13-state lawsuit to challenge EPA's Waters of the U.S. rule

13-state lawsuit to challenge EPA's Waters of the U.S. rule

Attorneys General from 13 states announce lawsuit alleging the U.S. EPA and Army Corps Waters of the U.S. rule expands federal land control

Attorneys General from 13 states say the U.S. EPA and Army Corps of Engineers' definition of "Waters of the U.S." violates provisions of the Clean Water Act, the National Environmental Policy Act, and the United States Constitution – and they're prepared to fight it, legally.

Related: EPA releases final Waters of the U.S. rule

The state AGs filing include: Alaska, Arkansas, Arizona, Colorado, Idaho, Missouri, Montana, Nebraska, Nevada, New Mexico, North Dakota, South Dakota, and Wyoming.

Attorneys General from 12 states announce lawsuit alleging the U.S. EPA and Army Corps Waters of the U.S. rule expands federal land control

The lawsuit, filed in United States District Court for the District of North Dakota, seeks an order declaring the rule is unlawful and prohibiting the agencies from implementing it. Without such an order, the rule takes effect within 60 days.

The AGs assert that the EPA’s new rule "inappropriately broadens federal authority by placing a majority of water and land resources management in the hands of the federal government," South Dakota AG Marty Jackley's office said.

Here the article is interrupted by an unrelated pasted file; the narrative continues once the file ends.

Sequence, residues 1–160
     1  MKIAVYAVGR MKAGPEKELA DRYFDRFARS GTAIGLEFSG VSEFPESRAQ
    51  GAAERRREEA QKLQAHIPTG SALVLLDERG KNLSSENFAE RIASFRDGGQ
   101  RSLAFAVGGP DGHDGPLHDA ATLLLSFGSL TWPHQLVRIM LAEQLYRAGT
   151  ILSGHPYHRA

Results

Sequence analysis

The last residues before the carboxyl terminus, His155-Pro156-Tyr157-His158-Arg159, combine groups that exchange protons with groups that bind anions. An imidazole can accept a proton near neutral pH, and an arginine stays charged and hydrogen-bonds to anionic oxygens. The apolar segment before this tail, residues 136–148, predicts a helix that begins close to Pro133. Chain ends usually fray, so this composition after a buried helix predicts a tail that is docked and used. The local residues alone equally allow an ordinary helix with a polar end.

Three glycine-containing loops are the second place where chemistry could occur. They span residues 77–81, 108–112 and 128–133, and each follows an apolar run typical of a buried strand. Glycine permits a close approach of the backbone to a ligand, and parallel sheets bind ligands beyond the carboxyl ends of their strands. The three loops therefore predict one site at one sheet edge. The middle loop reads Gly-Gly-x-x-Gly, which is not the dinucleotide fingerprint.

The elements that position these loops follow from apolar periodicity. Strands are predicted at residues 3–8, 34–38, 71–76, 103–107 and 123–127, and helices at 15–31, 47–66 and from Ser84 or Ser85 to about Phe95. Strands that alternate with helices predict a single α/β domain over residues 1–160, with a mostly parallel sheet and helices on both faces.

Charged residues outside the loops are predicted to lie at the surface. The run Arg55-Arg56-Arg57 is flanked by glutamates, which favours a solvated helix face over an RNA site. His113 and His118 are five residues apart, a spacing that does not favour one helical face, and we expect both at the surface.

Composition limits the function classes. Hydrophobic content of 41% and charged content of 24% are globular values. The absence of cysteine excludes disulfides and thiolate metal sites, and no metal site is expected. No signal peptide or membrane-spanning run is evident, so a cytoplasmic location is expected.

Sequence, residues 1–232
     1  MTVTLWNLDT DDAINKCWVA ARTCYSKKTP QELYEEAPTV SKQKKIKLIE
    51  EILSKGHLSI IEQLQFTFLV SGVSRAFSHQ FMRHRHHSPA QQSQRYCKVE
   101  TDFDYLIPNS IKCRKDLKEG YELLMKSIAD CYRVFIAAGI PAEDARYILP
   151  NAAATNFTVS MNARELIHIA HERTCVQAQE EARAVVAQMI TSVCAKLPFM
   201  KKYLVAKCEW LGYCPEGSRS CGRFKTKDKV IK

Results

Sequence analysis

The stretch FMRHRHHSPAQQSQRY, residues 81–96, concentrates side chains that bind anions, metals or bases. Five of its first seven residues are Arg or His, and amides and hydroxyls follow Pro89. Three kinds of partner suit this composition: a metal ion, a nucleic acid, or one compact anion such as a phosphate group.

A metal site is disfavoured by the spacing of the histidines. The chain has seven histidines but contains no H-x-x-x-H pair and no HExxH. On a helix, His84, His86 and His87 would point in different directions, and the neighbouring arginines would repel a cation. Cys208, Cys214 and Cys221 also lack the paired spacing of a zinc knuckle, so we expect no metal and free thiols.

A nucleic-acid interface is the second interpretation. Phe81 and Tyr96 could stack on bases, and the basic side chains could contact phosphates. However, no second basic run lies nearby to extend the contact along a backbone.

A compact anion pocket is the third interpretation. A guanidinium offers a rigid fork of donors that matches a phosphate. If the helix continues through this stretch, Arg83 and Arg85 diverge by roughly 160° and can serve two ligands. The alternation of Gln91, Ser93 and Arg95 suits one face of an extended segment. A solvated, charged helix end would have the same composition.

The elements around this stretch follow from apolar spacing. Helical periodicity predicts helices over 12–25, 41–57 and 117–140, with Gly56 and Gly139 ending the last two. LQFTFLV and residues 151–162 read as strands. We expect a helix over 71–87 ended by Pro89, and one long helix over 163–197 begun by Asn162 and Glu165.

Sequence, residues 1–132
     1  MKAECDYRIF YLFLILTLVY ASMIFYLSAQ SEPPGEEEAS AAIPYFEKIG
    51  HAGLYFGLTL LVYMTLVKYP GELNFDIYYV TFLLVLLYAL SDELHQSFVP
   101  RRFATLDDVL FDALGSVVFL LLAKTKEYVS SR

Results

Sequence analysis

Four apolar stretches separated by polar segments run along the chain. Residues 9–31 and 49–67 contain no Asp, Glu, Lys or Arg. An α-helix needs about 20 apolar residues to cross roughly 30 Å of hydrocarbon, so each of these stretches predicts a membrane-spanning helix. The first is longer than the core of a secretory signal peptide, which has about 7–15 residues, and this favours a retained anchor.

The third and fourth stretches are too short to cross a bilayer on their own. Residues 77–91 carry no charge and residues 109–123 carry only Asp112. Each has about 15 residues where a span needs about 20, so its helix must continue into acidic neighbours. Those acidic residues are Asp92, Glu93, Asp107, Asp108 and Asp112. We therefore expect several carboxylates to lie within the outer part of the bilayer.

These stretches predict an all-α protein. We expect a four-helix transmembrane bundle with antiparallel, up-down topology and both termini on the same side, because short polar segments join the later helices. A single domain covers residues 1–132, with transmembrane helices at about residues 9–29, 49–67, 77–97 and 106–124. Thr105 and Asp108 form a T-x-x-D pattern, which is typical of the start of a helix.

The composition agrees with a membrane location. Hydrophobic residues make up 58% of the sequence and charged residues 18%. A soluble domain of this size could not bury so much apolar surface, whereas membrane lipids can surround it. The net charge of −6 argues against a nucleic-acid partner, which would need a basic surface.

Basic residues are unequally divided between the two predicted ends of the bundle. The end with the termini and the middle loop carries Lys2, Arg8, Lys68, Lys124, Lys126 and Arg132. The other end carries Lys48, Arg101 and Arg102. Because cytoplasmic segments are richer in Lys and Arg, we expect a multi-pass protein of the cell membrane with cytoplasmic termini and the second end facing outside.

Related: NCBA warns of lawsuit over Waters of the U.S.

The States further argue that the burdens created by the new EPA requirements on waters and lands are harmful to the States and will negatively affect agriculture economic development.

Missouri AG Chris Koster said the agencies' official definition of "waters of the United States" extends the agencies' regulation far beyond what a reasonable person considers to be a waterway. For example, Koster says the rule defines tributaries to include ponds, streams that flow only briefly during or after rainstorms, and channels that are usually dry.

The definition extends to lands within a 100-year floodplain -- even if they are dry 99 out of 100 years, his office says.


"The EPA and the Army Corps have exceeded their legal authority in defining what constitutes U.S. waterways," Koster said. "If this change becomes law, thousands of acres of privately owned land in Missouri will suddenly be subject to federal water regulation. Missouri farmers will be particularly harmed by the federal government's restrictions on how their land can be used."

The states' challenges add to existing challenges from lawmakers; The Senate Environment and Public Works Committee has this month approved a bill to rewrite the WOTUS rule, while the House in May also approved a WOTUS withdraw bill with a 261-155 vote.

The rule is also met with significant opposition from ag groups, which long fought for its elimination, even before the final rule was released.

Blake Hurst, president of the Missouri Farm Bureau, an American Farm Bureau Federation affiliate, said his group applauds the challenge and suggests consequences should the law remain intact.

"If this rule stands, landowners will be subject to onerous permitting requirements and land use restrictions," he said.

Catch a legal perspective on the rule with ag attorney Gary Baise's "Inside EPA's Waters of the U.S. Ruling" series:
Part one: What you should know about the EPA ruling
Part two: Understanding 'significant nexus'
Part three: Does this impact private property rights?
Part four: The government's boundless appetite for regulation

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